ATLANTA -- Hawks great and six-time All-Star Lou Hudson died Friday, the baskeball team announced.
Hudson was hospitalized and listed in grave condition last month after a stroke. He was 69 years old.
Hudson was drafted in the first round and fourth overall in the 1966 NBA Draft by the St. Louis Hawks.
He averaged 20.2 points, 4.4 rebounds and 2.7 assists in his 13-year NBA career, including 11 seasons with the Hawks. His number 23 is one of three retired jerseys that hangs in the rafters at Philips Arena.
In St. Louis he was named to the All-NBA Rookie Team.
Hudson missed part of the 1967-68 season to serve his country in the United States Army, then returned as the Hawks relocated to Atlanta in 1968. He scored the first basket in Atlanta Hawks history on October 15, 1968.
He was traded by Atlanta to the Los Angeles Lakers in 1977, and played his final two seasons with Los Angeles.
Hudson later moved to Park City, Utah where he served on the City Council in the 1990's. He was inducted into the North Carolina Sports Hall of Fame in 1988, the Georgia Sports Hall of Fame in 2002 and the Atlanta Sports Hall of Fame in 2007.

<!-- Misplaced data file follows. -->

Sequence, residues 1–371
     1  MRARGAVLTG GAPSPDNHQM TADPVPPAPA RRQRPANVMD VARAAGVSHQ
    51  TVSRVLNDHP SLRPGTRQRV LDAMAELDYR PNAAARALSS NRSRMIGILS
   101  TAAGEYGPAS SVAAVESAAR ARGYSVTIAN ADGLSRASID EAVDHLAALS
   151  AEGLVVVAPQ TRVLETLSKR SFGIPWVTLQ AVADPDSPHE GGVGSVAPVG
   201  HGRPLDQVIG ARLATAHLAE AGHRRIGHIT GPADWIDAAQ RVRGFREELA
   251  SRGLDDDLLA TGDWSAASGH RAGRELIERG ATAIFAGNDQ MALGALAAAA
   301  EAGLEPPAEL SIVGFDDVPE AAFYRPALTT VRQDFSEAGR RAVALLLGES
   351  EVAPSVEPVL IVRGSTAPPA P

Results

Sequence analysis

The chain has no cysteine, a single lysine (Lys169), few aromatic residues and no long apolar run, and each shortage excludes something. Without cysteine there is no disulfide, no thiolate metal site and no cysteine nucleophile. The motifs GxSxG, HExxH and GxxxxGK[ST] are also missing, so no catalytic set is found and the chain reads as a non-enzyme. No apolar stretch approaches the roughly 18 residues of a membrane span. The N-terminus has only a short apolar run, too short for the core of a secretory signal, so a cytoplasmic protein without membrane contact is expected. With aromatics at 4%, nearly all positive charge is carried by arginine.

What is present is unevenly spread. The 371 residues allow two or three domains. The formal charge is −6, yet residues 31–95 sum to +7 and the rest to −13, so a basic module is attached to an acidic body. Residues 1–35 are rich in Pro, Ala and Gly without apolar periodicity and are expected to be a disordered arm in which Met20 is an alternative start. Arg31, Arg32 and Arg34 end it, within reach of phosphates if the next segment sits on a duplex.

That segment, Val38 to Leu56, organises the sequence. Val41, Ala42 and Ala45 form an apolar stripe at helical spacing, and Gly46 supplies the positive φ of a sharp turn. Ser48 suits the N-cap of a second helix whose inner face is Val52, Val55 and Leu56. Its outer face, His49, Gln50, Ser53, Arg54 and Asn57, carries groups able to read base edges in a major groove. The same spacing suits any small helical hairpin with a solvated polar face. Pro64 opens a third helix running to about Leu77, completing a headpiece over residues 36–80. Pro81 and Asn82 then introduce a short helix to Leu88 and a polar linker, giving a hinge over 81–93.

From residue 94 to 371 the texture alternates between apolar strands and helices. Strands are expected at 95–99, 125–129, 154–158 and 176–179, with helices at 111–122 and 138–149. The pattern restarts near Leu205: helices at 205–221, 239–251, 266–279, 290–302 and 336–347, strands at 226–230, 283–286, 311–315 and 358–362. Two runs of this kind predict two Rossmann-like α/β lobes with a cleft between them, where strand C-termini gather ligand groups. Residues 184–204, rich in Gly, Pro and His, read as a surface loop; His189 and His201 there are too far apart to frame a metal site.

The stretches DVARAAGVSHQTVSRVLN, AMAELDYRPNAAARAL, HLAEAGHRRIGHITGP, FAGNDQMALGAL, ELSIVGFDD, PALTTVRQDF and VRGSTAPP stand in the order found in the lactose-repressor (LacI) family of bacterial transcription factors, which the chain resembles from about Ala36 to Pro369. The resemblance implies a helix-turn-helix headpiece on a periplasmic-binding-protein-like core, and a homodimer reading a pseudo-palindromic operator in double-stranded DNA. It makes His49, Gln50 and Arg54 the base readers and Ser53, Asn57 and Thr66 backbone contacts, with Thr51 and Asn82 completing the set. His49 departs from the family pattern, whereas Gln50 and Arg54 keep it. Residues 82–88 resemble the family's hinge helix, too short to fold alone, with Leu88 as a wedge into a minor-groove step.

One of the first three African-American basketball players to attend the University of Minnesota, Hudson played for legendary coach John Kundla. His uniform number 14 was retired by the Gophers in 1994 and he's a member of the school's athletic Hall of Fame.
Hudson was born in Greensboro, North Carolina on July 11, 1944 and starred in basketball, football and track at Dudley High School in his hometown. He was drafted by the Dallas Cowboys in the 1966 NFL Draft despite not playing college football.
Hawks co-owner Michael Gearon issued this statement:
"Lou Hudson holds a special place in the Hawks family, in the hearts of our fans and in the history of our club. As a fan growing up with this team, I'm fortunate to say I was able to see almost every game Sweet Lou played as a member of the Hawks. He was an integral part of successful Hawks teams for over a decade, and is deservedly recognized with the ultimate symbol of his significance to the franchise with the number 23 hanging inside Philips Arena. On behalf of the Hawks organization, I'd like to extend condolences to Lou's family and friends."